Epsilon reasons for not having a dog

Dirty, messy, smelly, expensive to keep, particularly if veterinary care is required, need walking frequently, many want lots of exercise which you have to give them however busy or ill you are, limits your freedom to go away, has to be cleared up after unless you can always walk in the countryside, sits on all the best furniture and if, cruelly, you don’t allow that then it leans on it instead, making it grubby in a strip a few inches above the ground. Claw marks on the doors. Toothmarks on the chair legs and holes in the towels if you have a puppy, as well as stains on the carpets and puddles on the floor. All combine to make an excellent case for not having a new young dog, although of course a dog you’ve had for a long time, when you know each other’s ways and it’s trained, to a greater or lesser degree, to the extent you’re happy with, is fine and you tend to forget the difficult bits.

But. Be without a dog? Couldn’t bear it. It’s worth every minute of it.

I’m depressingly sensible and I’ve explained already (albeit in March) how it came about that we didn’t acquire a puppy in the last few years and why I’m not looking to get one now for Tilly’s sake. And I know it wouldn’t make sense to have a dog that needed a lot of walks before I have, and am recovered from getting, a new hip (though I reserve the right to be entirely silly and get one anyway) but simply, when it comes down to it, if a dog needs a home, I’ll give it a home and love it, and when our Tilly dies, which I hope won’t be any time soon, I am sure we won’t be without another dog for long.

There are enough indications, after all, that generally speaking people with pets are happier and more relaxed than those without, though I can’t believe that anyone would solemnly buy a cat or dog with the intention of being happy unless they actively wanted one anyway. I do know people who’ve bought a dog to make sure they have an incentive to get more exercise, but again you have to want one. There’s no doubt that a dog gives added security, both to the owners personally and to the house where it’s kept.

It’s still simpler than that, however. If you’re sitting alone in a room reading this, now think of doing it with a warm body on your lap or leaning against your leg. Imagine glancing down and seeing the warm brown (more likely than not) eyes looking at you with total trust and devotion. Think that, however much the exercise will do you good, you wouldn’t dream of going for a walk on a rainy winter’s night, but that you’ll do it without hesitation for the sake of your pet, and actually you’ll enjoy it and feel the better for it. Remember that, however bad you feel, whether through loneliness, depression, illness or because you’ve done something you regret, your dog will love you just the same, stupid loyal creature that he is. He will be on your side, no questions asked, even if you lost your temper at his naughtiness a few minutes ago.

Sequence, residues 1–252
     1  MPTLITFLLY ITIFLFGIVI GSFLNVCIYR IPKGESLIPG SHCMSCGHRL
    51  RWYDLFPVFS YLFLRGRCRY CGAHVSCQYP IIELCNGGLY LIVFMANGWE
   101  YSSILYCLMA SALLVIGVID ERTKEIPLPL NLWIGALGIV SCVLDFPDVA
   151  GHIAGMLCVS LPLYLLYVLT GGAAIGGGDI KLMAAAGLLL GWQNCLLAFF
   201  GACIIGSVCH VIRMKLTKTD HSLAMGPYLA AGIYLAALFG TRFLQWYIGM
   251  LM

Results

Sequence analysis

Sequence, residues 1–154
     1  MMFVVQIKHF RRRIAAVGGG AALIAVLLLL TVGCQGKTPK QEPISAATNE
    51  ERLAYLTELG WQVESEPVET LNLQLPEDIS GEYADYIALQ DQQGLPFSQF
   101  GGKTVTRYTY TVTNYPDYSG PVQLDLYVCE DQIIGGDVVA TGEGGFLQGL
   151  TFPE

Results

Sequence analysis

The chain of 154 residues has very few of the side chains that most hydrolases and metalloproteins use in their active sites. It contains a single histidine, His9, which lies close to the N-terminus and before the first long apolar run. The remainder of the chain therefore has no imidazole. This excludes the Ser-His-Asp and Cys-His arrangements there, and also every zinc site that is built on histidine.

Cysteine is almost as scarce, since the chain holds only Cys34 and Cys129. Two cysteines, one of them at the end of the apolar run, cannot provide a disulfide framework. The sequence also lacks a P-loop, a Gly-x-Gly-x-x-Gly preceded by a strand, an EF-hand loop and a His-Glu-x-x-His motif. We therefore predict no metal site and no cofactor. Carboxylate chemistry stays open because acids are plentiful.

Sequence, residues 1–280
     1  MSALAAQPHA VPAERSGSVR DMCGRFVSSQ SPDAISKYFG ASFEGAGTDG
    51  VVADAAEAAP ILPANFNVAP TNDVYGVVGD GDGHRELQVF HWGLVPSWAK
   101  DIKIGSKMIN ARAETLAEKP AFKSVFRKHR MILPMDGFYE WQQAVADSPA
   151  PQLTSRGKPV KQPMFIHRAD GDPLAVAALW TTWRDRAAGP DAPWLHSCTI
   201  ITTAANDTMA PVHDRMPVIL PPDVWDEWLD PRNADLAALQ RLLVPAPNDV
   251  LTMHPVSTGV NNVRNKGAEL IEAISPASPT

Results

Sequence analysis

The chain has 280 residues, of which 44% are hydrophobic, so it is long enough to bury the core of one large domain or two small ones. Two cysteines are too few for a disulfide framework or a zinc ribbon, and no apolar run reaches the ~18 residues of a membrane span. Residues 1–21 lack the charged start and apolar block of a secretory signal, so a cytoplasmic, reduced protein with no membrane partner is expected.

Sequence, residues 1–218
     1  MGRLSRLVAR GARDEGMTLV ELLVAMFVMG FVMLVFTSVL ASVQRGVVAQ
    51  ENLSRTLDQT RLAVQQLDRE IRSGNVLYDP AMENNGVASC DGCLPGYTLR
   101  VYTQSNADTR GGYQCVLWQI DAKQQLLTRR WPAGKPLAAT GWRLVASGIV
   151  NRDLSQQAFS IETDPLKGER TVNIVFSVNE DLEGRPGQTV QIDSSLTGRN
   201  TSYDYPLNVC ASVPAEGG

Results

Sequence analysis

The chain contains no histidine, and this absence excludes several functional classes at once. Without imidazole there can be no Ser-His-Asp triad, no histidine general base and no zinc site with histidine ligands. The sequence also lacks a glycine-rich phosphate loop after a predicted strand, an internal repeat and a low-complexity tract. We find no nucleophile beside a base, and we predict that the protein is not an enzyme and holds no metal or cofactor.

I like cats and I have an affinity with horses, but it’ll always be a dog for me.

19 comments on “Epsilon reasons for not having a dog

  1. martina

    Makes perfect sense to me. The dogs are in the room and supposedly napping. That is until they hear the treat jar or sense a dog friend is walking down the street. Semper fido…

  2. sablonneuse

    That post put the arguments very clearly. I like dogs and took on a ‘rescue’ collie cross puppy some years ago. It was a complete disaster because we were useless dog owners. She was a difficult dog but not in the least ‘malicious’. We took her to puppy school where she misbehaved – even for the trainer – and then paid to have her trained at a kennels for a few weeks but in the end I became afraid to take her out for walks because she went for cars and people and I couldn’t restrain her. She was rehomed with a lady who could handle her and I was pleased to learn that she settled happily with her new owner.